Why you should care
Because if you build it, she will come. And if she builds it, that’s even better.
Draw a person.
Or, if you don’t have a pen and paper handy, just think about the person you might draw. I’ll give you a moment.
Is the figure small? Large? Flamboyant? Shy? And which gender is it? Your own? Psychologists have been administering the “draw a person” test for almost a century, for a variety of purposes. And one of the most interesting findings to emerge is that 70 to 80 percent of people, of both sexes and in every population tested, draw a figure of the same gender as themselves.
And, according to a growing body of research, that test only scratches the surface of the very real differences in how the vast majority of men and women see the world around them. Gender doesn’t just influence the types of designs that you draw, but your preferences too: Both men and women tend to prefer designs created by members of their own gender. The dichotomy has enormous implications for the world of commerce, from grocery store aisles to flash-fashion apps. Tailoring products, services and websites to the design preferences of the female consumers who dominate that world could revolutionize advertising and design — if those male-run professions will let it.
Why aren’t ad agencies and companies jumping over themselves to hire more female designers?
“The consumer is not a moron; she’s your wife,” advertising pioneer David Ogilvy famously quipped. Advertising agencies, however, have tended to pay more attention to the “moron” part than the “she” part. Women may account for about 80 percent of spending decisions globally, and more than $20 trillion in spending, but those responsible for the websites, advertising and overall design of the commercial landscape surrounding those decisions have long been — and still are — overwhelmingly dudes.
Take advertising. Some 80 percent of creatives, product designers and execs are men. Then there’s Web design and software development, where the disparity is yet starker: One recent survey found that more than 92 percent of software developers are male. The result is pretty much foregone — male-driven advertisements, products and designs, even for products and websites that serve female customers. One might be tempted to conclude that the largely male executives attempting to cater to their female customers are just troglodytes living in the Stone Age. But, in another sense, they are ignoring the Stone Age entirely, and at their own peril.
That’s because a growing body of evidence points to some key sex differences in visual-spatial skills, differences that some researchers believe are a direct by-product of the division of labor in the hunter-gatherer societies that characterized most of human history. Because our male ancestors needed to hunt, navigate and see distant horizons in low visibility, men tend to have better spatial rotation and navigation, as well as higher rates of color blindness (which helps see through camouflage). Women, it is claimed, developed heightened object-location memory and color vision, to help find edible food. These differences don’t apply to every individual, of course, and, yes, they are pretty heteronormative. But some of the evidence is compelling. Did you know, for example, that many women possess an additional cone in their eyes, letting them detect millions of colors unknown to men?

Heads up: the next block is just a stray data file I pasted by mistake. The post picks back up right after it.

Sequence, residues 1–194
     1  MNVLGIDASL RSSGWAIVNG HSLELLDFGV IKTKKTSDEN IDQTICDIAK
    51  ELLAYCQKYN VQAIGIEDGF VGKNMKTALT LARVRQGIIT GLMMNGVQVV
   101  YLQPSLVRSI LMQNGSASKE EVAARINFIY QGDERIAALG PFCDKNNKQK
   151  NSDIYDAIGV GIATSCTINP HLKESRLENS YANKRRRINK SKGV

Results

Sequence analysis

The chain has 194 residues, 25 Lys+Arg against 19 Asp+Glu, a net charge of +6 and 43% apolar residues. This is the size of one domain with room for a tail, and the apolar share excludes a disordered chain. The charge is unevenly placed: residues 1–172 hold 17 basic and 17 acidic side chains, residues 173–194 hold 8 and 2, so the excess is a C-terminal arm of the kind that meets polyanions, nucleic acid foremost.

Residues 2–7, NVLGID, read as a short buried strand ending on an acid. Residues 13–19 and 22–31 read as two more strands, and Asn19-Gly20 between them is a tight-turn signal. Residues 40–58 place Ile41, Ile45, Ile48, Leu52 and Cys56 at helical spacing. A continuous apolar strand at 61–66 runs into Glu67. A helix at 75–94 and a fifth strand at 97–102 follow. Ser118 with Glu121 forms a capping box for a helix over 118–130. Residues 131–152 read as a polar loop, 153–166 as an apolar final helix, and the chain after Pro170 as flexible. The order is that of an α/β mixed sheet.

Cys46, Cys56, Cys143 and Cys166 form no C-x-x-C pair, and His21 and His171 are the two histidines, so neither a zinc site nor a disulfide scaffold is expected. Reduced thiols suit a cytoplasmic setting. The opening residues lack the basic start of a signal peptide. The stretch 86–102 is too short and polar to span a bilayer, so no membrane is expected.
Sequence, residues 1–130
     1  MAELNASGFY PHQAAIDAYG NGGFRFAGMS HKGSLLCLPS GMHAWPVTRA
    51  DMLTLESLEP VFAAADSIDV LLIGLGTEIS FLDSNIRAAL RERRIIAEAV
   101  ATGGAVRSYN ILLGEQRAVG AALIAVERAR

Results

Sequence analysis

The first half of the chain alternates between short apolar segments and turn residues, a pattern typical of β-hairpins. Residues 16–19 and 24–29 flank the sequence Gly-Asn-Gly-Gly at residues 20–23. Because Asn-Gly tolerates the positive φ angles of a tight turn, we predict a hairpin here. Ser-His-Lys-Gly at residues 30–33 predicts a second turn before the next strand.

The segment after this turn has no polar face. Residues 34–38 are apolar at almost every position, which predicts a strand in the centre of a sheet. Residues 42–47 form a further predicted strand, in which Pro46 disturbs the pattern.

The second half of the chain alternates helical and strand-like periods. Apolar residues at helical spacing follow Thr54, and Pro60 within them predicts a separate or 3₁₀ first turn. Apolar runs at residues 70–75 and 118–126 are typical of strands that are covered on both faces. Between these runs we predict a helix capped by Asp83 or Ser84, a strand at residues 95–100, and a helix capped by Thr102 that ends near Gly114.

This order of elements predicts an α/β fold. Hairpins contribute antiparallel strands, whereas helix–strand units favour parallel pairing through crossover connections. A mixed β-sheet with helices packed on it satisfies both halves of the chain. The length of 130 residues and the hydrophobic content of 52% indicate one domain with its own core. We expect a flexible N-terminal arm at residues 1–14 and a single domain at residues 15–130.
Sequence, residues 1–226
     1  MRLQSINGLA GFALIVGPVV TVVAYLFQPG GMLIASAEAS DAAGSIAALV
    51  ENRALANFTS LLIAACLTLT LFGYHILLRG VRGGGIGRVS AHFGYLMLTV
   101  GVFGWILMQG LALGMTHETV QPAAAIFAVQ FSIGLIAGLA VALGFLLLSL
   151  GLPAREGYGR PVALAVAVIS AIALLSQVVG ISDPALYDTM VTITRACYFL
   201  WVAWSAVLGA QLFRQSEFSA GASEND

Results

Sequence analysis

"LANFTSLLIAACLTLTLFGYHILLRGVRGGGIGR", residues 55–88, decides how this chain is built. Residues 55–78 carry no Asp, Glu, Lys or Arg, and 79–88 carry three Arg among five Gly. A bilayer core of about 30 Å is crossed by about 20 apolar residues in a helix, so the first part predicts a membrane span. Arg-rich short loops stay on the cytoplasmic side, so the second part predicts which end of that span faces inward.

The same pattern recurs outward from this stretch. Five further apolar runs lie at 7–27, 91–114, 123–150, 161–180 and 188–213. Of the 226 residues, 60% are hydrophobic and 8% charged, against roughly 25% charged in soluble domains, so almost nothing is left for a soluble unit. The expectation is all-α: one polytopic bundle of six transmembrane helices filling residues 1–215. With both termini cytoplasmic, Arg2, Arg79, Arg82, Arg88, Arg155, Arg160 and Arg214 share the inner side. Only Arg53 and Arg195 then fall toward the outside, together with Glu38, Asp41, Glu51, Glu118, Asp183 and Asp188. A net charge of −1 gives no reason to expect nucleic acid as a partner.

Such differences allow us to speak of “hunter” and “gatherer” vision, says Gloria Moss, a professor of marketing and management at Buckinghamshire New University. She’s taken what she calls the “new science of perception” even further, exploring the implications that biological differences have for the design preferences of men and women. Her recent book, Why Men Like Straight Lines and Women Like Polka Dots, says that women tend to prefer more color, rounded shapes, curved lines and more detail (think polka dots and a whole spectrum of colors), while men prefer straight lines, fewer (and darker) colors and less detail. But, even more interesting, Moss and her colleagues repeatedly found, in studies looking at websites and graphic and product designs, that, as she tells OZY, “women have a very strong preference for visuals created by people of their own gender, as do men.”
Clearly, pleasing a customer visually bolsters her engagement with a product, her attraction to it. So why aren’t ad agencies and companies jumping over themselves to hire more female designers? Many are just not aware of the new research, says Moss, and wading into the waters of biological sex differences — as illustrated by the Larry Summers controversy — still makes many uncomfortable. Mostly, though, it’s just a question of inertia in what are still largely male professions. “People in power are not easily persuaded that they should step aside because someone else may have a better approach,” says longtime ad man Thomas Jordan, former chairman and chief creative officer of HY Connect. “It’s human nature. Most men are not evil … they are just clueless.”
This is not to say men cannot effectively market to women, but the future will mean more products for women that are created and designed by women, and it will belong to those firms, says Jordan, who can fill their ranks with talented female creatives and “let them think, act and create as women.” Stephanie Holland, a marketing expert and author of the She-conomy blog, agrees. For now, agencies that “empower creative women” have an edge, she says. But “in the future, it will become a necessity.”